Philly Films: A Journey through the Heart and Grit of Philadelphia

16 January 2024

Exploring the Unique Vibe and Authenticity of Films Set in the City of Brotherly Love

Philadelphia, also known as the City of Brotherly Love, has a rich history and a unique vibe that sets it apart from other cities in the United States. It is a place of contradictions, with its gritty streets and glitzy skyscrapers, its crooks and millionaires. But what truly defines a Philly film? Is it simply a movie filmed in the city, or does it require something more, an intangible quality that captures the essence of Philadelphia?

In our quest to understand what makes a film a true Philly film, we reached out to newsroom colleagues and film critics across the city. The results were surprising yet assuring. While filming in Philadelphia or telling stories about the city can contribute to a film’s Philly credentials, what truly matters is the vibe, that elusive quality that can only be understood by those who know and love this city.

Rustin (George C. Wolfe, 2023)

One film that exemplifies the essence of a Philly film is “Rustin,” a biopic of Bayard Rustin, the civil rights legend who organized the March on Washington. Although not filmed or set in Philadelphia, the movie spotlights local stars in LGBTQ+ history and highlights the impact of Rustin’s Quaker upbringing in West Chester. The film showcases the realness and grit of Philadelphia’s history and its role in the racial justice movement.

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Christmas on Division Street (George Kaczender, 1991)

“Christmas on Division Street” is a heartwarming Philadelphia Christmas story that follows the Atwood family as they move to Gladwyne and experience the true meaning of brotherly love. The film captures the spirit of the city and reminds us of the importance of helping one another, especially during the holiday season.

Baby Mama (Michael McCullers, 2008)

“Baby Mama” is a raunchy comedy that takes a humorous look at the journey to motherhood. While the film may not focus solely on Philadelphia, it showcases the comedic talents of Tina Fey and Amy Poehler, both of whom have strong ties to the city. The film captures the dynamic energy and humor that is often associated with Philly.

Money for Nothing (Ramón Menéndez, 1993)

“Money for Nothing” tells the true story of Joey Coyle, a South Philly longshoreman who stumbled upon a bag of money and went on the run. While the film was not a big success, it immortalizes a uniquely Philly story and captures the realness of the city’s grit and determination.

10th & Wolf (Robert Moresco, 2006)

“10th & Wolf” is a film based on the Philly Mob Wars of the early 1990s. While it may not be considered a great film, it captures the essence of South Philly with its rowhouses, Italian Market scenes, and rough-and-ready attitude. The film showcases the realness and authenticity of Philadelphia’s neighborhoods.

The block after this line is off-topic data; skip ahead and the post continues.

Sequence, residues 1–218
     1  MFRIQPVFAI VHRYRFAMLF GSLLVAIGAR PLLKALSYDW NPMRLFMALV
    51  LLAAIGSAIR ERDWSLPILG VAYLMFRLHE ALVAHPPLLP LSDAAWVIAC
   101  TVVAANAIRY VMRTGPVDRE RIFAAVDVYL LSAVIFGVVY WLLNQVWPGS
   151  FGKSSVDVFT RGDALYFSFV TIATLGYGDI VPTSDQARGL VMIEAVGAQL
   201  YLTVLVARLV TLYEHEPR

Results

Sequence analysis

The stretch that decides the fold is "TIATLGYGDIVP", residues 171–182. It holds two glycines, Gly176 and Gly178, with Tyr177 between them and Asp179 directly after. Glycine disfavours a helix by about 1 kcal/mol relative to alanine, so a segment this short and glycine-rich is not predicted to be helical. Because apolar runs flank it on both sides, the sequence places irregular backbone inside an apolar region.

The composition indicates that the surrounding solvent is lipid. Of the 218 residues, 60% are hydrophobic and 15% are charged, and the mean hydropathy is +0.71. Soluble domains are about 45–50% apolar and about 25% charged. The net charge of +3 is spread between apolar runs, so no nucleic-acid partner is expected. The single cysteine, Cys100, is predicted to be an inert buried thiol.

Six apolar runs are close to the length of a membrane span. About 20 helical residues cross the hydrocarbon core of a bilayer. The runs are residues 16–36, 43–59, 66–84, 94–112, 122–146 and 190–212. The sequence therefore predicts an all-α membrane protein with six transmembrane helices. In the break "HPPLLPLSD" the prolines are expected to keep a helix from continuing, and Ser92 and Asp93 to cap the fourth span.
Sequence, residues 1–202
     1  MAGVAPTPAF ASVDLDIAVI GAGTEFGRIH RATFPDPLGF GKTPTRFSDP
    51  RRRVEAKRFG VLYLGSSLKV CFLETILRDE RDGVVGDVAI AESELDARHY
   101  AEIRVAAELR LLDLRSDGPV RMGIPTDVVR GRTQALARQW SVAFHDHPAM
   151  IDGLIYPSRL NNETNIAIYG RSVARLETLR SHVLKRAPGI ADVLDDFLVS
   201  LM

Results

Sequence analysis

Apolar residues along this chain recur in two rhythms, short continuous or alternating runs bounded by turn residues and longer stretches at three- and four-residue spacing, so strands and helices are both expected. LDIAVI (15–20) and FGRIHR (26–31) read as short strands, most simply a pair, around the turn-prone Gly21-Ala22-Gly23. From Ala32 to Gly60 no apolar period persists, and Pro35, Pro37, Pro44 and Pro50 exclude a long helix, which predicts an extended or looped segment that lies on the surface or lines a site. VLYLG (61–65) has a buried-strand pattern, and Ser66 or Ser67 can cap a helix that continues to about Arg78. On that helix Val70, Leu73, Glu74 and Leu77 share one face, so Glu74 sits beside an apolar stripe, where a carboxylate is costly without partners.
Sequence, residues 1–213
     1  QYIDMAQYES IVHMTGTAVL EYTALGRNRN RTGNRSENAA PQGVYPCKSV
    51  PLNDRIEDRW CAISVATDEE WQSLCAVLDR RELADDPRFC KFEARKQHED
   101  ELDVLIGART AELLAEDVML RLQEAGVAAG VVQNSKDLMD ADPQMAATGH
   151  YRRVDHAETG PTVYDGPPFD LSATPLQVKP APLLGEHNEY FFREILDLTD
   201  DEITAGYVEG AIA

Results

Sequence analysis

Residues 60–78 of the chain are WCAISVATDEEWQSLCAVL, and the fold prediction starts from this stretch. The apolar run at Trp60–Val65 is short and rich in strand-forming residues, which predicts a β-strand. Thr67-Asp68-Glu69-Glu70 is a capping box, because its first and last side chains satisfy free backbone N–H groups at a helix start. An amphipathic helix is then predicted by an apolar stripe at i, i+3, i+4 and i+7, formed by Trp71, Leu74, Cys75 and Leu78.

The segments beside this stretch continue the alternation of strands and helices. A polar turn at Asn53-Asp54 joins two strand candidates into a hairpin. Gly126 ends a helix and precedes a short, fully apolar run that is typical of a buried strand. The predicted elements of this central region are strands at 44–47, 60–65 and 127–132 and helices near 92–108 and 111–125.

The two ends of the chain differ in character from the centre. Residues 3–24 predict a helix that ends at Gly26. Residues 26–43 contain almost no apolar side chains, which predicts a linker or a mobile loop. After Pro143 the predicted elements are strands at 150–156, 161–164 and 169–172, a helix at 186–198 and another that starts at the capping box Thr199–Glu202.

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Twin Peaks: Fire Walk With Me (David Lynch, 1992)

Although not primarily set in Philadelphia, “Twin Peaks: Fire Walk With Me” features an important scene in a Philly FBI office. This scene introduces characters and ideas that are further explored in the Twin Peaks mythos. The film highlights the otherworldly and mysterious aspects of Philadelphia.

The Young Philadelphians (Vincent Sherman, 1959)

“The Young Philadelphians” is a 1950s melodrama that is saturated with local connections. From references to Rittenhouse Square and South Philly to the iconic City Hall, the film captures a version of Philadelphia that feels both familiar and distant. It showcases the city’s history and the struggles faced by Italian and Irish elites.

Pride of the Marines (Delmer Daves, 1945)

Based on the true story of Al Schmid, “Pride of the Marines” tells the story of a World War II veteran who returns home blinded from combat. The film features a love story and culminates in grand gestures at 30th Street Station, showcasing the beauty of Philadelphia’s skyline.

Pride (Sunu Gonera, 2007)

“Pride” is a film loosely based on the life of Philadelphia swim coach Jim Ellis. It tells the story of Ellis, who rehabilitates an abandoned pool building in 1970s Philadelphia with hopes of inspiring a new generation of swimmers. The film captures the resilience and determination of Philadelphia’s residents.

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Night Catches Us (Tanya Hamilton, 2010)

“Night Catches Us” is a 1970s-set film that follows a former member of the Black Panther Party as he returns to Philadelphia. The film showcases the city’s neighborhoods and features a musical score by Philly’s own The Roots. It highlights the city’s history and the struggles faced by its residents.

Conclusion:

Philadelphia has a unique vibe that sets it apart from other cities, and this is reflected in its films. Whether a film is set in Philadelphia, filmed in the city, or captures the essence of its neighborhoods and history, it can be considered a true Philly film. From the iconic “Rocky” to the lesser-known gems like “Rustin” and “Night Catches Us,” these films showcase the heart and grit of Philadelphia. They capture the realness, resilience, and authenticity of the city, making them essential viewing for anyone who wants to understand what it truly means to be a Philadelphian.

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